Mayfly larva (Ephemeroptera sp.) – The aquatic larvae of mayfly species, called naiads, are easily identifiable by the three caudal filaments at their posterior. Although they are not easily visible in this picture, the larvae have external gills that project from the sides of their abdomens. The naiads of most species are herbivores or detritivores, feeding on algae and detritus, however, some are predatory and will feed on smaller creatures such as Chironomid fly larvae.


Caddisfly larva (Tricoptera sp.): These insect larvae are renowned for being innovative builders. Many species use silk they produce in their salivary glands to glue together bits of plant or mineral debris to make themselves a protective case. Here we can see a larva with a case made from pond weed. When the insect feels threatened it retracts its head and thorax  back inside its case where it is well hidden from potential predators. This taxa is also omniphagous and species can vary between being predators, algae and plant grazers and filter feeders (filtering organic debris from the surrounding water).


I don’t know which species of fish this is but it was very sweet floating as still as a statue with its pelvic fins stuck out like fans. I imagine these were the fish that we watched being plucked out of the water by the resident kingfisher.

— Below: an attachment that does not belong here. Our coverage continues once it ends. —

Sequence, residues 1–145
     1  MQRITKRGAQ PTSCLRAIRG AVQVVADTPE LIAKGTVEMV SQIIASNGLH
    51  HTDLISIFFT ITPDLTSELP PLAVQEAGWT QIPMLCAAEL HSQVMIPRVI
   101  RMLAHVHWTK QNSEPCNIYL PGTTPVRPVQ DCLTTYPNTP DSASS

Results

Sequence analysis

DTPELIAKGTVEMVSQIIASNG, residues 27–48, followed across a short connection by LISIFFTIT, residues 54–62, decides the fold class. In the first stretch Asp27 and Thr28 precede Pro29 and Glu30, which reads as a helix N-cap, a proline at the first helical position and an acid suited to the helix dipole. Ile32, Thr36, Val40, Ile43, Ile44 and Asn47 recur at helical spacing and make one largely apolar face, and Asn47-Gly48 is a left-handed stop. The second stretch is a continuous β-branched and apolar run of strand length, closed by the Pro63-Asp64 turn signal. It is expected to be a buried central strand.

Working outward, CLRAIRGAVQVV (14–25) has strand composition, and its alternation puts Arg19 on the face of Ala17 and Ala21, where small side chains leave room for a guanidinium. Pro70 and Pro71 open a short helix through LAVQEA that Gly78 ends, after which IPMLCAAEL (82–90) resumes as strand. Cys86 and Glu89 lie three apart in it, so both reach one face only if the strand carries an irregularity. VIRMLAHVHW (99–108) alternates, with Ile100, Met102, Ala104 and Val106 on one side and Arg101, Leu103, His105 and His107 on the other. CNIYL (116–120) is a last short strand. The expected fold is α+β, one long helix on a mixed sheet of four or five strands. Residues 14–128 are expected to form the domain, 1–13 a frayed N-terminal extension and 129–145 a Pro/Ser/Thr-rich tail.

Leech: I believe (but not sure) that the species of this individual is Hemiclepsis marginata, a common fresh water leech found in ponds and lakes. It moves using two suckers on its ventral surface; anchoring itself with its posterior sucker, it extends the front of its body forwards and then, after getting a hold with its anterior sucker, the rest of it’s body is pulled forward. In the picture, the anterior end of the leech is the thin part, stretching forwards and navigating its surroundings. Watching it move was quite mesmerising. H. marginata are able to roll themselves up into a ball, much like woodlice, so that they can roll away down hill to rapidly avoid danger. This species feeds on the blood of fish, tadpoles and molluscs and, as creepy as they seem, are not a threat to humans.

There is also a kingfisher that feeds at this pond and, as Rachel had promised, it was there sitting on the stonework around the pond, intermittently diving down and plucking fish from the water, its iridescent blue flashing in the sunlight.

When we were done, we walked back around the other side of the lake to that which we had come as I had not come this far around before and over the Palladian bridge which still has the wicker hearts hanging between the pillars. The garden is stunning, especially in the sunshine. The long-term aim of the gardeners is to recreate the garden as it was before 1764 when Ralph Allen was still alive. There are very few herbaceous flower species, only those that grow naturally here such as snowdrops and wild daffodils. The garden primarily hosts native green shrubs and trees (or species that were present in the UK before 1764 at least) which gives it a very natural feel.

In the afternoon, I started decorating one of the fairy doors we’ve been making over the last couple of weeks with a pyrography pen. I got so involved in it I didn’t want to leave – but finishing the door will have to wait for another time…


A sneaky peak of the door I have been working on with the pyrography pen – this door belongs to the fairy known as Whispy Sapling.